Grapevine: More Maggie than Golda?

Livni's role model, Macca's baby grand, an ambassador comes to Jerusalem and a tribute to Shlomo Lahat.

September 23, 2008 20:05
Grapevine: More Maggie than Golda?

grapes 88. (photo credit: )

PRIME MINISTER designate Tzipi Livni, it is said, does not like being compared to Golda Meir, the first female prime minister of Israel. Sometimes one gets the feeling that she'd rather be compared to Britain's Margaret Thatcher. Certainly that's what her appearance conveyed when she arrived at Beit Hanassi to accept President Shimon Peres's invitation to form a government. Instead of her usual pants suit, she was wearing a classic black dress and jacket, elegant black pumps and a double strand of pearls with matching ear-rings. Members of her staff and the security detail at Beit Hanassi had been pondering for much of the afternoon whether she would enter via a side entrance, as had Ehud Olmert when he came the previous evening to tender his resignation, or whether she would go through the front door. In the event, it was the front door. When she entered Beit Hanassi, demonstrators outside were calling for her to go home and photographers and television cameramen were lined up behind barriers inside the grounds, eager to get her in their frames and thus capture a moment in history. Livni, who was welcomed by Beit Hanassi manager Moshe Mizrahi, ignored them completely - not even a wave of her hand.

  • THE INTENSE marathon of consultations with political parties over who to ask to succeed Ehud Olmert conducted by the president over a twenty-four hour period will seem lightweight compared to Peres's heavy schedule when in New York. He left Israel late on Monday night to represent Israel at the 63rd General Assembly of the United Nations, where he is one of several world leaders scheduled to address the Assembly. Among the others are UN Secretary General Ban Ki-moon, US President George W. Bush, French President Nicolas Sarkozy and Iranian President Mahmoud Ahmadinejad. Peres has every intention of listening to the latter's address, but it is not known whether Ahmadinejad will give the Israeli president the same courtesy. Peres has a series of meetings lined up with Ban, NATO Secretary General Jaap de Hoop Scheffer and Turkish President Abdullah Gul. There are also some tentative appointments with other world leaders that have yet to be confirmed. In addition, Peres will attend a reception for prize-winning novelist Amos Oz, who will be honored by major American writers and scores of celebrities from across the US; will participate in the opening of the Clinton Global Initiative; will address hundreds of students at New York University; and will have Sabbath dinner on Friday night with 100 Israelis studying in New York. He will return to Israel in time for Rosh Hashana.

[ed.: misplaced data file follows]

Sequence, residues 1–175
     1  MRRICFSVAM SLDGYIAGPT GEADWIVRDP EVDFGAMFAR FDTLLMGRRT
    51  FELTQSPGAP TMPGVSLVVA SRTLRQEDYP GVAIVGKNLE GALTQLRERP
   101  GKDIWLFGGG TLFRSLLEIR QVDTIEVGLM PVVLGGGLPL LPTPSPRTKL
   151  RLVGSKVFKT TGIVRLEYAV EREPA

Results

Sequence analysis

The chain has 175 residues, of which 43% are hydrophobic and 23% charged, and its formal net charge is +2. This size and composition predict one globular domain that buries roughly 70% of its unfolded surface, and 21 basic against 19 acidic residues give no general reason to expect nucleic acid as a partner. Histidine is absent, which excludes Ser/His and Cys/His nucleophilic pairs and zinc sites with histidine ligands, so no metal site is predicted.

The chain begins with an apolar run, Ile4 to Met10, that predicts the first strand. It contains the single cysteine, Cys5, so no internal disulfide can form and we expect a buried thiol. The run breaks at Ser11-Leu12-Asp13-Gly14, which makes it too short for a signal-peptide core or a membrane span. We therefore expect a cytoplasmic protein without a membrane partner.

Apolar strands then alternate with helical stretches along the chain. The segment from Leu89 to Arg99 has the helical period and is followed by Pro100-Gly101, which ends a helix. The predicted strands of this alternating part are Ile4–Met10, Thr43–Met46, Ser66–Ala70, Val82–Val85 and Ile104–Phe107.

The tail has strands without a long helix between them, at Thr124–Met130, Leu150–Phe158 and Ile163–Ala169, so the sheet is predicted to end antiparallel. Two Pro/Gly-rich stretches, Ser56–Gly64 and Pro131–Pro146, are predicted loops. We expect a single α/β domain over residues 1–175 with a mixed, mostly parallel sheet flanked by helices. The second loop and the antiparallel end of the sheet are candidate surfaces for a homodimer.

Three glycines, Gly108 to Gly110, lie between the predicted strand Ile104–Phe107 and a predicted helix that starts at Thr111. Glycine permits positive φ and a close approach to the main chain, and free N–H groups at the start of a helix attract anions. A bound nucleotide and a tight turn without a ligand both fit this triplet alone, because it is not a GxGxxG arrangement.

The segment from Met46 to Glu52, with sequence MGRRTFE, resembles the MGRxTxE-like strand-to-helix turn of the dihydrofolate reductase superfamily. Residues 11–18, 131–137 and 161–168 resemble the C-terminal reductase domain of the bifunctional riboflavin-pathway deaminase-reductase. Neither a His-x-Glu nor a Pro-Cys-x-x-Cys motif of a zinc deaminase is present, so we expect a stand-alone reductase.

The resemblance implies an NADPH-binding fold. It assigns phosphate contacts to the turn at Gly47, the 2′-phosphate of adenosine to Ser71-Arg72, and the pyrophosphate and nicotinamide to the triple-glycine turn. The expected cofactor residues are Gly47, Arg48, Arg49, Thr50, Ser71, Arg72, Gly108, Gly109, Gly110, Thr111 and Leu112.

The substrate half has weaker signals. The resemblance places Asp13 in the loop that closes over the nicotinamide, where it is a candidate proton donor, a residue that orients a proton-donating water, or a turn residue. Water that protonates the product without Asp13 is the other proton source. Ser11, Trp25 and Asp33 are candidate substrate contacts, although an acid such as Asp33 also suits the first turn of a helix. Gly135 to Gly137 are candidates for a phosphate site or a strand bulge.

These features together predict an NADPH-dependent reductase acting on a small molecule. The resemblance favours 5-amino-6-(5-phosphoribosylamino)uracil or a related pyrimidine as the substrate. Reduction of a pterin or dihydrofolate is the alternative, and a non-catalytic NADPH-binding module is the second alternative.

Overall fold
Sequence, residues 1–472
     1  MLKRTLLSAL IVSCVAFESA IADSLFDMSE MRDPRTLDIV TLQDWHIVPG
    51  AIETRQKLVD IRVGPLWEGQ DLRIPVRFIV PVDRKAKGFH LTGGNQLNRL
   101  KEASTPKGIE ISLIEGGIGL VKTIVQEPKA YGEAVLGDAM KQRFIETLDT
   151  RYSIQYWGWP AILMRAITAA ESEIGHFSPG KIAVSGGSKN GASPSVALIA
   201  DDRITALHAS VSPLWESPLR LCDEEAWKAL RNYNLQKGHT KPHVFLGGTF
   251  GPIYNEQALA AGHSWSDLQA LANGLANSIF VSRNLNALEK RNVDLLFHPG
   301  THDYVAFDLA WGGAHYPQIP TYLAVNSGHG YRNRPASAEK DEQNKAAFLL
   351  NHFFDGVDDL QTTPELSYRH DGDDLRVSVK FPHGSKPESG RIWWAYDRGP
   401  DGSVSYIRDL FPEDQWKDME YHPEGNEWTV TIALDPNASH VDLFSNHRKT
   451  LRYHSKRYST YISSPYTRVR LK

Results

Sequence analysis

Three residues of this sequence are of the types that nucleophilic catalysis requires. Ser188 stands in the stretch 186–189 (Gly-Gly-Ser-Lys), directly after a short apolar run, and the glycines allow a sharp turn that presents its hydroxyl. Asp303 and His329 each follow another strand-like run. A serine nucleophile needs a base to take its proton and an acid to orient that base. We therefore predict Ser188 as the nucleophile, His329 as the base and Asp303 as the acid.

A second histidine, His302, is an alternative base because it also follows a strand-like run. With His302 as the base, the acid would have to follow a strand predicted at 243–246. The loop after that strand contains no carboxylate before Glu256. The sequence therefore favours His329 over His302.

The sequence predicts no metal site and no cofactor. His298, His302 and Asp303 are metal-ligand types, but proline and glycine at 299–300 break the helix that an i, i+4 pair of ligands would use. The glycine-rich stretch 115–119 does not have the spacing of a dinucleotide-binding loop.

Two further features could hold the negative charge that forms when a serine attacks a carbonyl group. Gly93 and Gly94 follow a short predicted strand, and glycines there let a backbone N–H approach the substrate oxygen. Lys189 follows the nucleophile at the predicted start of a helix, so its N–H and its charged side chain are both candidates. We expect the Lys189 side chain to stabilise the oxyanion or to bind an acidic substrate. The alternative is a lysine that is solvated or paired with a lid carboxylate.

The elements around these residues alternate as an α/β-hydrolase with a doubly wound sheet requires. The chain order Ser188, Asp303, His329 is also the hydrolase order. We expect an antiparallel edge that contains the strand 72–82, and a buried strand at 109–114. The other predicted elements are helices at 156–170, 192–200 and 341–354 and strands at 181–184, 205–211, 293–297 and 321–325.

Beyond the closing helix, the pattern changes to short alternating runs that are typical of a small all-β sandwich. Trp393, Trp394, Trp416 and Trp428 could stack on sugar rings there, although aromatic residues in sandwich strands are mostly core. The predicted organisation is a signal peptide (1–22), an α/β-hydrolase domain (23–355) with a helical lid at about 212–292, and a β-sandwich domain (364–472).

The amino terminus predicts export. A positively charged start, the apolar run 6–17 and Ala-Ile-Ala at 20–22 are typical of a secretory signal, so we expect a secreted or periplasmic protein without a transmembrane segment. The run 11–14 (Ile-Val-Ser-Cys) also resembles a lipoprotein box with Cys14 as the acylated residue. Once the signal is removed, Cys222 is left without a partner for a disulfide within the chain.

• STAFF AT Tel Aviv's Dan Hotel have been in a flurry this week getting 21 suites ready for Sir Paul McCartney and his entourage. The ex-Beatle, who arrived in Israel last night, was of course given the Royal Suite, which at his request has an additional piece of furniture - a baby grand piano. The suites were reserved for September 23-26, and according to Dan General Manager Yaacov Sudri, no effort will be spared in making Sir Paul and his people comfortable. "Their wish is our command."
  • JUDGING BY the festive atmosphere at the residence of US Ambassador James Cunningham, no one would know that America is undergoing an economic crisis. Cunningham, who presented his credentials only last week, hosted a reception for members of Israel's movie industry in honor of the 23rd annual Israel Film Festival in the United States, which is being directed by Meir Fenigstein, who was one of the scores of people who flocked to the residence. Seen mingling on the lawn in Herzliya Pituah were Avi Nesher, Menachem Golan, Moshe Ivgi, Alon Abutbul, Michael Moshonov, Education Minister Yuli Tamir and many others.